How life emerged on Earth is one of the greatest open questions facing modern science. Lipid vesicles are commonly considered model systems for biological cells. This is due to their bilayer spherical structure, and to the facts that vesicles can incorporate nucleic acids and enzymes, and host biochemical reactions. In this area we are addressing the question to what extent liposomes are relevant for the origin of cellular life and the development of artificial living systems. We are pursuing two complementary lines of research to understand the fundamental design principles of living systems: (1) The building of protocells from prebiotically relevant compounds, and (2) the construction of synthetic minimal cells from contemporary biomolecules.
We apply a wide range of experimental (molecular biology, liposome preparation, cell-free transcription-translation, fluorescence microscopy/spectroscopy) and theoretical/computational methods to build and to provide a stronger logical basis for understanding the nature and requirements of cellular life.
We believe that our research has the potential to unveil a range of new fundamental structural and dynamical features on which Nature builds living systems. Moreover, we aim at exploiting the technological relevance of artificial cell research in the fields of nanomedicine, drug delivery and bioanalytics.
The Emergence of Cellular Life
Life as we know it is cellular. A continuous and closed membrane separates the inside from the outside of cells. Today, the best candidates for containment are amphiphilic molecules capable of spontaneously producing micelles and vesicles. On grounds of the possible abundance of lipids and lipid-like amphiphiles in the prebiotic environment, a lipid world scenario has been suggested as an early evolutionary step in the emergence of cellular life. Several issues related to the role of lipid vesicles in early evolution have been tackled. For instance, macromolecules can readily be encapsulated within vesicles under drying and wetting cycles simulating prebiotic contitions, and lipid vesicles have been shown to be capable of autocatalytic expansion and to host complex biochemical reactions. Therefore, it’s tempting to propose that complex today life processes are an upgraded version of primitive processes based on simple vesicle systems.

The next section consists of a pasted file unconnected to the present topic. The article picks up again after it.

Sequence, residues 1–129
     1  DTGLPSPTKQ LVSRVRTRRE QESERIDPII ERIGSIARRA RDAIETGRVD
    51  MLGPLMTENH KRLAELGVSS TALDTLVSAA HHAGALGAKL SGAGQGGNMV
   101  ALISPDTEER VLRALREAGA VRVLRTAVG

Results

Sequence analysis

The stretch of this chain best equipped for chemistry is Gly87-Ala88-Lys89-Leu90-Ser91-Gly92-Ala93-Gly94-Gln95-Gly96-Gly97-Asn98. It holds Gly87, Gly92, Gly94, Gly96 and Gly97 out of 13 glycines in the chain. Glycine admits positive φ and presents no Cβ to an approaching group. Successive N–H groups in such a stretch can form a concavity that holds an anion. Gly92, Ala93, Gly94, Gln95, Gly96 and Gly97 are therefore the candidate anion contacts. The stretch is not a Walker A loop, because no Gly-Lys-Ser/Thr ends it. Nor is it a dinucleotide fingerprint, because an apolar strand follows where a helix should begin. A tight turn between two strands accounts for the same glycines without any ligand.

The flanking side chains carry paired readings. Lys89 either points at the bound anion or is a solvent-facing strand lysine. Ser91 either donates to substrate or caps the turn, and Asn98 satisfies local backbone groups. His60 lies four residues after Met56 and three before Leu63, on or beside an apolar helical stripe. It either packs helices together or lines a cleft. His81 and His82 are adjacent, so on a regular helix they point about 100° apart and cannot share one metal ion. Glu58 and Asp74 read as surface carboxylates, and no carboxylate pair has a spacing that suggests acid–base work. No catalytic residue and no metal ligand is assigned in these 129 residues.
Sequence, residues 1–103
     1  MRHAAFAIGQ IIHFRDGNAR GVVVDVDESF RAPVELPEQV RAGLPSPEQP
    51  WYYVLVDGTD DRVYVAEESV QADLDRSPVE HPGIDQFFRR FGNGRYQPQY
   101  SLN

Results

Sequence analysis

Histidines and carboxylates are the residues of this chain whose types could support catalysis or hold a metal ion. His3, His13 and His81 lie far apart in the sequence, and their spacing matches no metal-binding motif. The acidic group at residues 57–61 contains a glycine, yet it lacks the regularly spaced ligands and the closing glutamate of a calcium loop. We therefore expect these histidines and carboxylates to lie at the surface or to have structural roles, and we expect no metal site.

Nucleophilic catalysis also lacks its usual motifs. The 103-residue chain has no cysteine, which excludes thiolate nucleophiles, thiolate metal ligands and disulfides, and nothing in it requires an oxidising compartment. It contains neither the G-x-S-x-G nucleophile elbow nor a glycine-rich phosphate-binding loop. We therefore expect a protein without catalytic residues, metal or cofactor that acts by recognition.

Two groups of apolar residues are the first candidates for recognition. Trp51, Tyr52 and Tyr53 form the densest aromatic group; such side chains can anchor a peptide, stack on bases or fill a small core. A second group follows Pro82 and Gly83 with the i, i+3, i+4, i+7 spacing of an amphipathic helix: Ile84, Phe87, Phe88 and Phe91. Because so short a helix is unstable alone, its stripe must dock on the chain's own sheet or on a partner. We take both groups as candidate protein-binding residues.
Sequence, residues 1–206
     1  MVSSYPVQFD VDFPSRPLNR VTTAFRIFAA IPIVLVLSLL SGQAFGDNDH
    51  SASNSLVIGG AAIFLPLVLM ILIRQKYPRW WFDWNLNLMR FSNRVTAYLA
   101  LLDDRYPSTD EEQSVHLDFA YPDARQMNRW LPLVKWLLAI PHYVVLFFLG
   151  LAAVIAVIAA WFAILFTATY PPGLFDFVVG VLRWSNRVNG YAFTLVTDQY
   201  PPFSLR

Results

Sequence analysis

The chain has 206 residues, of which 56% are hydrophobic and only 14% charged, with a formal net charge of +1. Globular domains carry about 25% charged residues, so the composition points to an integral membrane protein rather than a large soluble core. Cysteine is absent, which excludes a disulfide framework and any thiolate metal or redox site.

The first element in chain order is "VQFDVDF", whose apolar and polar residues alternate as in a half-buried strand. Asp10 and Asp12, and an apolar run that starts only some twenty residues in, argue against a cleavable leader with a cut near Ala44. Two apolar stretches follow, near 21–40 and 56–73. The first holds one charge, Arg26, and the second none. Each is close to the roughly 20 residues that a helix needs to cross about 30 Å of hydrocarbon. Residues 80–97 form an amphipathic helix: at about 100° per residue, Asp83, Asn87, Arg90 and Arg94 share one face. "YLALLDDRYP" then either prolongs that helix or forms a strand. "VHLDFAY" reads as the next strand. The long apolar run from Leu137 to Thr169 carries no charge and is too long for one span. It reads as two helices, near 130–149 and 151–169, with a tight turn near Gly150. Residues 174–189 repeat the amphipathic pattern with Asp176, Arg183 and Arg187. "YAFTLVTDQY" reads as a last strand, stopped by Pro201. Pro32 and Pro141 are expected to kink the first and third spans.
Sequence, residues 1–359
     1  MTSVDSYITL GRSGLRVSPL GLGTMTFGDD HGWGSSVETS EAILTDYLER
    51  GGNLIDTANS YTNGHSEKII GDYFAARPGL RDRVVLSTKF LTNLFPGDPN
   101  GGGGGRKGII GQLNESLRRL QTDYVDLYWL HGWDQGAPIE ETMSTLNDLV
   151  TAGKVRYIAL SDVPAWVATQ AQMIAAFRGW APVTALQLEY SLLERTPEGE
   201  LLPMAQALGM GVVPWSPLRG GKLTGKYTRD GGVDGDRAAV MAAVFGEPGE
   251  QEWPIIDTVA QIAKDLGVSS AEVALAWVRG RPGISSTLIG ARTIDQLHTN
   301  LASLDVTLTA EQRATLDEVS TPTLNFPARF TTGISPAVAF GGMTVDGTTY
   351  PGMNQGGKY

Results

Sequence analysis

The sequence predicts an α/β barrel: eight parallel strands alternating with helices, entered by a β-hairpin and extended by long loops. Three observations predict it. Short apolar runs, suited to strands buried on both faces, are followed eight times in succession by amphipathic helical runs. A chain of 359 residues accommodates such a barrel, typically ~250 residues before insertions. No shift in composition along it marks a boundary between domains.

We seek to provide solid experimental and theoretical bases for the construction of RNA protocell models. An important objective is to create active membrane boundaries able to perform basic functions in order to assist primitive – ribozyme-based – biochemical reactions and collaborate for the maintenance and evolution of the system.
Building a Minimal Cell
Over the past few years, a semi-synthetic approach to the construction of a minimal cell model has been employed. The term “minimal cell” has been used by Luisi and coworkers to describe molecular systems with minimal functions ensuring life. One or a few working genes are incorporated into lipid vesicles with the aim of realizing simple cell-like modules with limited and essential functionalities.
Our research aims at reconstituting essential features and distinct modules of the cell from small and physically controllable sets of molecules based on in vitro coupled transcription-translation systems. We seek to unravel the structure and dynamics of the vesicle-based systems at high spatial and temporal resolution by applying ultrasensitive microscopy techniques. Specific goals are to achieve reproduction of the shell compartment through coordinated synthesis of lipids and vesicle division.
Lipid vesicles can be used as drug delivery vectors. By decorating the vesicle surface with active cellular targeting elements, liposomes can be converted into therapeutic nanocarriers that bring drugs directly to diseased areas of the body.
Our fundamental research on the realization of complex enzymatic reactions and gene expression within liposomes offers an appealing platform technology for the development of new biosensors and therapeutic nanocontainers having further functionalities. In this context, we aim at designing liposomes with cell-like manufacturing ability and at using them as targeted drug delivery vectors, with particular interest in therapeutic RNA and brain cancer.